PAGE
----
The California Assembly passes a crypto regulation bill that will require bank-issued stablecoins. This is similar to the New York’s BitLicense, and has been very criticized by the industry stakeholders.
California Gov. Gavin Newsom is scheduled to sign a newly approved measure requiring digital asset exchanges and other cryptocurrency businesses to seek a license to operate in the state.
The Digital Financial Assets Law, called “BitLicense” in California, is modeled after New York’s BitLicense law, which went into force in 2015. California’s proposal, if approved by Democrat Gavin Newsom, will take effect in January 2025. The California Assembly passes a crypto regulation bill that may start a wave of regulation in the US.
“While the newness of cryptocurrency is part of what makes investing exciting, it also makes it riskier for consumers because cryptocurrency businesses are not adequately regulated and do not have to follow many of the same rules that apply to everyone else,” Assembly Member Timothy Grayson (D-Concord), the bill’s sponsor, said in a prior statement.
Among the criteria is a prohibition on California-licensed organizations dealing with stablecoins, which would be phased out in 2028 unless the stablecoin is issued by a bank or is regulated by the California Department of Financial Protection and Innovation. This is similar to a proposed (but never passed) bill in the United States Congress that would require stablecoin issuers to obtain a bank charter.
Another stablecoin-related provision in the bill would require stablecoin issuers to hold assets worth “not less than the aggregate value of all of its outstanding stablecoins issued or sold in the United States.” Furthermore, the legislation mandates that the total market value be computed in conformity with widely accepted accounting principles in the United States (GAAP).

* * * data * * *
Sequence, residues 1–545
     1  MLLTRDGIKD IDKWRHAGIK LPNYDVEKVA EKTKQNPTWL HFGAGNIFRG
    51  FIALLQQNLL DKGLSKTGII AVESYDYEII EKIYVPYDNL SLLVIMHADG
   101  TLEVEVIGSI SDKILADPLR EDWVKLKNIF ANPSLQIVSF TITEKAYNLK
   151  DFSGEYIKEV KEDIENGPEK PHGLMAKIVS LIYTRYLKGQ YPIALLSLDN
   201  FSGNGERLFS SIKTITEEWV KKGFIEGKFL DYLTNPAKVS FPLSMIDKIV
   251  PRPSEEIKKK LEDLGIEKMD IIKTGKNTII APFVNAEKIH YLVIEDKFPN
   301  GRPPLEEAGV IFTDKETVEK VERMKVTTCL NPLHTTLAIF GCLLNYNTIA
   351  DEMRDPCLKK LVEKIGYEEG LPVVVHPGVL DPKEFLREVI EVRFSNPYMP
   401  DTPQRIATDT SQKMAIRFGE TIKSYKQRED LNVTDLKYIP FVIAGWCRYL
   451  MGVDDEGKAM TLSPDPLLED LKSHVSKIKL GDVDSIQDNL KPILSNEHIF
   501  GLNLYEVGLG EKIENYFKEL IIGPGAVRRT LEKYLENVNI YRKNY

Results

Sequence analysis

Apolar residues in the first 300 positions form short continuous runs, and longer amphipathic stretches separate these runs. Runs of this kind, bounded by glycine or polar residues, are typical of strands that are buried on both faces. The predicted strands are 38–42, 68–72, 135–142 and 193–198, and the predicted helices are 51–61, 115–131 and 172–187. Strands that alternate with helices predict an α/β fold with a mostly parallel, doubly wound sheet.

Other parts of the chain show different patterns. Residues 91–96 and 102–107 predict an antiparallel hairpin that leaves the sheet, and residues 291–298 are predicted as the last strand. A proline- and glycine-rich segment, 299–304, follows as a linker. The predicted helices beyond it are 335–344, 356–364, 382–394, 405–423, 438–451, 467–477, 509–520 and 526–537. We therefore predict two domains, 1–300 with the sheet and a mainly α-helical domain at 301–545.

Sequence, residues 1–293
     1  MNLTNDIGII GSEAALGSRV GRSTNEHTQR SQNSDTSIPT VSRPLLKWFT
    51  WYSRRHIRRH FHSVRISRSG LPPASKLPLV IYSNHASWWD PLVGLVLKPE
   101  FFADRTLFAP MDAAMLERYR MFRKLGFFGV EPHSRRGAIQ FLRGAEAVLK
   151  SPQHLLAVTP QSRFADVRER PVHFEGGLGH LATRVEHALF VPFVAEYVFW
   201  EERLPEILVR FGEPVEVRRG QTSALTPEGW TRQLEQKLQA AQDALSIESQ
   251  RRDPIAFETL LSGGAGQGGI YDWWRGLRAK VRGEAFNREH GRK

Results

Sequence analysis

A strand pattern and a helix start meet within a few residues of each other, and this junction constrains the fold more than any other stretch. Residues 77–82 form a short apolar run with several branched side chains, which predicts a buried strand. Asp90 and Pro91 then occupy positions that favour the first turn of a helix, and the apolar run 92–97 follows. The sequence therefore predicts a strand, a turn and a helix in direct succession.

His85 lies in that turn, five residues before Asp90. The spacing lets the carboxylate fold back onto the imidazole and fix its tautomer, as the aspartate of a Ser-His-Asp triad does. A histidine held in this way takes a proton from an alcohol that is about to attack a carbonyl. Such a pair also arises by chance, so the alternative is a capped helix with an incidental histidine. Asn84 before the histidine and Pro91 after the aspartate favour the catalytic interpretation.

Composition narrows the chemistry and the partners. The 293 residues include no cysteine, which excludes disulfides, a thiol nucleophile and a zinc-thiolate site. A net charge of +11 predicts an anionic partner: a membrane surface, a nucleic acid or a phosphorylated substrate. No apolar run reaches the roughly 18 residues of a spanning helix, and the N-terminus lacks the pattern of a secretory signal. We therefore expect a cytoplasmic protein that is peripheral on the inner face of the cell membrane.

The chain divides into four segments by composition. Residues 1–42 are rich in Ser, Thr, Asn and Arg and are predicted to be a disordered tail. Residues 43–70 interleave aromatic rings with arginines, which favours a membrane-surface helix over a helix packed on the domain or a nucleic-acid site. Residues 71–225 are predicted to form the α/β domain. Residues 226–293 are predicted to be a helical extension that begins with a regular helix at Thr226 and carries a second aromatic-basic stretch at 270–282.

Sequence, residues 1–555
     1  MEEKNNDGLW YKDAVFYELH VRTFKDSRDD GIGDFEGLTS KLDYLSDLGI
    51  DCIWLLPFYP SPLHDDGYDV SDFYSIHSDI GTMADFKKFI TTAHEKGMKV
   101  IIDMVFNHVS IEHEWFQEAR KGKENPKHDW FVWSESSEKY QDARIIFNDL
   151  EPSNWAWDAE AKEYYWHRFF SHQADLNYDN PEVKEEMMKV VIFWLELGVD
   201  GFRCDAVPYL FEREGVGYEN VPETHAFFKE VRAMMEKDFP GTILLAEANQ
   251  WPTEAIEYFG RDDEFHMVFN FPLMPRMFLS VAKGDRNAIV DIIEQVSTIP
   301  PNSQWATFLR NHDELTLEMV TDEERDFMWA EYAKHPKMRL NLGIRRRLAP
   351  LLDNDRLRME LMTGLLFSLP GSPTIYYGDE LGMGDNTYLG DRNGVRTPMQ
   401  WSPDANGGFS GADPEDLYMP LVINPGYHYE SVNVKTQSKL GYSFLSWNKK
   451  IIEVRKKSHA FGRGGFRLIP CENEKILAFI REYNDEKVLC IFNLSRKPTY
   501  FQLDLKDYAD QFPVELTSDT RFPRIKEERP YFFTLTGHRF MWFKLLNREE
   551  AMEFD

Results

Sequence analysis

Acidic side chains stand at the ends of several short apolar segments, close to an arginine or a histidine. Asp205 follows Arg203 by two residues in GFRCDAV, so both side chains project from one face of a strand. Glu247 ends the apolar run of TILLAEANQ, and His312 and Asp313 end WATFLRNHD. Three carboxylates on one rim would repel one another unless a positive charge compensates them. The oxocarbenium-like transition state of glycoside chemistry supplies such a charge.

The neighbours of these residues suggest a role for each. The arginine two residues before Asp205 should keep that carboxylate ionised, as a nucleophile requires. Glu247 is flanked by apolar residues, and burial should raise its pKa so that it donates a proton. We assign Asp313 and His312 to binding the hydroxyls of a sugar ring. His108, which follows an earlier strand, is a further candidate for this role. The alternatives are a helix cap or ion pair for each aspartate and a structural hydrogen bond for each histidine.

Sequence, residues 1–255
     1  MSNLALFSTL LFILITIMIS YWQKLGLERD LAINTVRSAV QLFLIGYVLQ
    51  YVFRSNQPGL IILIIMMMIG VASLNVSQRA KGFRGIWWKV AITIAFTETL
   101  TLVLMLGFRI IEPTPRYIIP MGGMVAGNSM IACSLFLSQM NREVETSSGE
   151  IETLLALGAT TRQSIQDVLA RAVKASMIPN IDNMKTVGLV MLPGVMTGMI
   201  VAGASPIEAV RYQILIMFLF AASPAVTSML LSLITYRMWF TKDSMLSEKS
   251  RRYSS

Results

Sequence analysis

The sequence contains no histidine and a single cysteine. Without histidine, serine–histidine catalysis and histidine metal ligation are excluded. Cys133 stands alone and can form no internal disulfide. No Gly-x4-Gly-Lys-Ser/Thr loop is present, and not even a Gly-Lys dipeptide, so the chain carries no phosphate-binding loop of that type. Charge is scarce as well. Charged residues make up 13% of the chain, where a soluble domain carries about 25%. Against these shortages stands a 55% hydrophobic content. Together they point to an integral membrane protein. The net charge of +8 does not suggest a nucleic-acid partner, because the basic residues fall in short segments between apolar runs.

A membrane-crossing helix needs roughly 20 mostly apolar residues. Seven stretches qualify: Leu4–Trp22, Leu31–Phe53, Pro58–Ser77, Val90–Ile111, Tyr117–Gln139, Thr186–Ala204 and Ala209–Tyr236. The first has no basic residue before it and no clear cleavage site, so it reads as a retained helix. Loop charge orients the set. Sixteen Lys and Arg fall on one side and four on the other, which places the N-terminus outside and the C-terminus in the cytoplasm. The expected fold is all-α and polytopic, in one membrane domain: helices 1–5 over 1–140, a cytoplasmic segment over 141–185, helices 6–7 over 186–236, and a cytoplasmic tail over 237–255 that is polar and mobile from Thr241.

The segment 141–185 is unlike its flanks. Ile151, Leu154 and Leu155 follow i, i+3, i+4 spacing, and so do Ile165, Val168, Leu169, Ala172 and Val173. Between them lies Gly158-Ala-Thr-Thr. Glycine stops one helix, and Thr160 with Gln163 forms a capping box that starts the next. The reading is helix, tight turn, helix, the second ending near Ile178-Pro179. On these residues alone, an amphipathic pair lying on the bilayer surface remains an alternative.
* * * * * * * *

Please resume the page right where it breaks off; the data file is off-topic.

The Financial Accounting Regulations Board produces a standardized set of accounting rules, standards, and processes known as GAAP (FASB).
According to the Blockchain Association, an industry trade group, the measure would “create myopic and unhelpful limitations that will hamper crypto entrepreneurs’ ability to function and drive many out of the state.”
This is California’s second effort to establish a “BitLicense” system. The first, in 2015, failed and was put on hold due to objections from a state lawmaker.
The measure earned 71 yes votes and 0 nay votes in California’s assembly. Nine assembly members abstained from voting. The measure earned 31 yes votes and six negative votes on the Senate floor, with all six no votes coming from Republican senators.
The governor, Gavin Newsom has until the end of the month, September 30, to sign the bill or to veto it.
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